I can't relate to the situation you are describing, but there are 3 recent instances, one of them ongoing, of unions scabbing across my unions picket lines.

In 2011, a multi-national grain conglomerate EGT used tax payer subsidies and state tax breaks to build a state of the art grain handling facility in Longview, WA. The ILWU Longshore local helped the company through the process because their workforce was going to get to work the facility. The day the plant opened they locked out the Longshoremen and hired a union across the river in Portland to staff the facility and told the press "see we are employing union workers," even though the ILWU had over 80 years of jurisdiction to handle grain at the Port of Longview. This bitter lock out lasted for an entire year and was eventually settled in the middle of the night by union bureaucrats, the company lawyers and the Washington state governors office. So you had some turd of a union crossing our unions lines for a year, and corporate politicians stepping in to settle an industrial dispute and union brass overriding the autonomy of the union local. The long lasting effects of the concessionary contract forced on ILWU Local 4, I will now get to...

Last year, the very same SCAB Laborers union, this time in Seattle, crossed ILWU picket lines. During a large tunnel boring project, dirt was being loaded onto barges. This was longshore work so longshoremen in Seattle set up picket lines to demand jurisdiction over the loading of barges. The same union crossed our picket lines and performed the work. Eventually it became such a big stink and so much pressure was put on the drilling company that they had to start trucking the dirt out and eliminated the jobs all together.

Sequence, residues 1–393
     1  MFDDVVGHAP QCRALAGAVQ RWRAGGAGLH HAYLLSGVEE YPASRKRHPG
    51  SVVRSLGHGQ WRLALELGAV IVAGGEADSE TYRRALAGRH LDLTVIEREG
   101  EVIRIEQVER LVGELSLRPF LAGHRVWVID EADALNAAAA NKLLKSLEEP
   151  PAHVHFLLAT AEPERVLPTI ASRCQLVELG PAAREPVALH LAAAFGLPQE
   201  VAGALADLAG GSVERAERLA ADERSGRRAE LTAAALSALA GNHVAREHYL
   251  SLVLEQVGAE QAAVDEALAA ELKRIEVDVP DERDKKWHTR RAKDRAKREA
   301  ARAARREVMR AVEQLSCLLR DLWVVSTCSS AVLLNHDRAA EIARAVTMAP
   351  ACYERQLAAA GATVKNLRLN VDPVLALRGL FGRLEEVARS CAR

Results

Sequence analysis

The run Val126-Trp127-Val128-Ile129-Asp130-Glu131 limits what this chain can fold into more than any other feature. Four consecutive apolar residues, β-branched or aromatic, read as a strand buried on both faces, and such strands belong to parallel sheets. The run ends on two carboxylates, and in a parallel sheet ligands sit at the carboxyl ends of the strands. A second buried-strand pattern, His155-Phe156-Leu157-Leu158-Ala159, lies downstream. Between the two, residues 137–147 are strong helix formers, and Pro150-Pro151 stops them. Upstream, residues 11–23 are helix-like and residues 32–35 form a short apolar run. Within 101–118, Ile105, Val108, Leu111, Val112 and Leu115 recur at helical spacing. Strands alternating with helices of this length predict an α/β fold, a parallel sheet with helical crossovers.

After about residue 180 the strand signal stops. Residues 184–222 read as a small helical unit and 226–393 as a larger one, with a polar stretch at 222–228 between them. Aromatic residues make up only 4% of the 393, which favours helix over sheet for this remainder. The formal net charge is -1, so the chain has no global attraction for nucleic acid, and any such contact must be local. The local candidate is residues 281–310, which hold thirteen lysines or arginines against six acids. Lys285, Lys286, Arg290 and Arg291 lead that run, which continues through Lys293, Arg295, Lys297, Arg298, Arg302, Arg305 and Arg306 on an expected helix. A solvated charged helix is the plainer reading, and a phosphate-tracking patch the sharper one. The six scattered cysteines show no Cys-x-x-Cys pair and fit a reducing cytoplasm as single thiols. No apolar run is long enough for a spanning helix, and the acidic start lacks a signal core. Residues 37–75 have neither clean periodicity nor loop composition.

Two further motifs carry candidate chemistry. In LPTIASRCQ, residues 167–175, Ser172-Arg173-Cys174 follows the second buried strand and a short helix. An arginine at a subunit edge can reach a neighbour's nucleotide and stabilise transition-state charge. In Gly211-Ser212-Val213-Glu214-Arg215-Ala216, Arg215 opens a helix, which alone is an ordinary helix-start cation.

Now, the master grain handling contract for the Washington / Oregon region expired last February. This contract binds all of the regional grain facilities and ILWU Locals to the same contract in regards to grain handling work in the Pacific Northwest. The bargaining went poorly and Portland, OR & Vancouver, WA were both locked out of their grain facilities. The company said, last year at EGT you gave your workers a concessionary contract, so we want the same contract for you guys or we are walking out. As I write this, the lock out has been going on for an entire year now. The other grain facilities in the region were able to negotiate individual agreements with the facilities and continue working but these 2 ports are still locked out.